Ga Code Ann.16-9-93.1 (criminalized the use of pseudonyms on the Net, and prohibits unauthorized links to web site with trade names or  logos. Permanently enjoined in ACLU v. Miller, 977 F.Supp. 1228 (1997).

    Pamela Mendels,  ACLU Fights Georgia Internet Fraud Law,  New York Times Cybertimes, July 19, 1996
    Andrews Publication, Judges in NY, GA Striek Down State Internet Regulations, 1997 Andrews Computer & Online Indus. Litig. Rep. 24417.
b. Minnesota

Minn. Stat. S243.055. (enabling prison commissioner to restrict parolee's Internet access or computer use).

New Mexico

Senate Bill 127, enacted 3/98. Criminalizes the transmission of communications that depict "nudity, sexual intercourse or any other sexual conduct." The ACLU has vowed to file a legal challenge to the law before it  becomes effective on 7/1/98.

Nevada

Senate Bill 13, enacted 7/97. Creates an action for civil damages against persons who transmit unsolicited
advertising over the Internet.New York

New York

N. Y. Penal Law S 235.21(3) (criminalizing the transmission of "indecent" materials to minors). Overturned, in ALA v. Pataki, 969 F.Supp. 160 (1997).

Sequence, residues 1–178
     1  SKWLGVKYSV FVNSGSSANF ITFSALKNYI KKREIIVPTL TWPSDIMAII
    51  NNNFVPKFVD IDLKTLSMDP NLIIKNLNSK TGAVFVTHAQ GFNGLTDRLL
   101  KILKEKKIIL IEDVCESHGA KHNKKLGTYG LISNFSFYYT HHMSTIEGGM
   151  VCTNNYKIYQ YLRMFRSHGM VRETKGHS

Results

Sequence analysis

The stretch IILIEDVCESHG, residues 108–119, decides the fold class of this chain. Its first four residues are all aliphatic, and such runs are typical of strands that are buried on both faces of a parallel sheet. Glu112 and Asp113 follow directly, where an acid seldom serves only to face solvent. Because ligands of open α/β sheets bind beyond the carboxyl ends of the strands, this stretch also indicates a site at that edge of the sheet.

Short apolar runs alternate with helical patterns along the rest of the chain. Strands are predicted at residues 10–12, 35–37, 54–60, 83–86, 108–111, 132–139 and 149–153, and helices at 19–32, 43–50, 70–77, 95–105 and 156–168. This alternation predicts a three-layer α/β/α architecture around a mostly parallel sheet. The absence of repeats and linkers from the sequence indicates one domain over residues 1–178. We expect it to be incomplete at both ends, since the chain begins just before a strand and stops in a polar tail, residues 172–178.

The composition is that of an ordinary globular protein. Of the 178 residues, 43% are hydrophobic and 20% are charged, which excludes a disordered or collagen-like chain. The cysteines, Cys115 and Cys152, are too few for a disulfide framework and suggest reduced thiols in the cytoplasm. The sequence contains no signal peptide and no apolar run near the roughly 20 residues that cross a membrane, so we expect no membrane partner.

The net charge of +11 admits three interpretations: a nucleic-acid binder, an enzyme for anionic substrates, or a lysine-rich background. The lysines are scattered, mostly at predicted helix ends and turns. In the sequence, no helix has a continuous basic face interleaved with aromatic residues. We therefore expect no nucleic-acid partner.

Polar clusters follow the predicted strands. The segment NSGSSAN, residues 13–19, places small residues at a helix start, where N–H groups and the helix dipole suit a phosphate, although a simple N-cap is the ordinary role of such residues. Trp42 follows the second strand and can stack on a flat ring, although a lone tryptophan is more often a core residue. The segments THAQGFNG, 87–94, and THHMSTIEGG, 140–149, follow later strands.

Oklahoma

Okla.Stat. tit 17 S 139.108 (Oklahoma Telecommunications Act of 1997, regulating Internet service providers from anticompetitive pricing and unfair commercialpractices).

South Carolina

Christy Tinnes, Digital Signatures Come to South Carolina: The Proposed Digital Signature Act of 1997,
48 S.C. L. Rev. 427 (1997).

Virginia

Va.Code S 2.1-804 (prohibiting any government employee from using state-owned computer systems to send or access sexually explicit material). Overturned, in Urofsky v. Allen,1998 WL 86587 (E.D.Va.)

     Andrews Computer & Online Industry Litigation Reporter,  Proffesors Say VA Law is Unconstitutional Prior Restraint,  July 1, 1997 Andrews Computer & Online Indus. Litig. Rep. 24418.
Washington

Mike Rodin, Digital Signatures - Get Ready ‘Cause Here They Come

434-200 WAC, Proposed Rules for Implementation of the Washington Electronic Authentication Act As filed with the Office of the Code Reviseron October 1, 1997.

B. Foreign Governments

Survey of Sovereign Nation State Internet Regulations

Amy Knoll, Any Which way but Loose: Nations Regulate the Internet, 4 Tul. J. Int’l & Comp. L. 275, Summer 1996, 4 Tul. J. Int’l & Comp. L. 275.

Human Rights Watch Report (1996) "Silencing The Net: The Threat to Freedom of Expression On-line" [1996] Monitors: A Journal of Human Rights and Technology 8 (2), at <http://www.cwrl.utexas.edu/~monitors/>

1. Canada

Information Highway Advisory Council, Preparing Canada for a Digital World, Final Report of The Information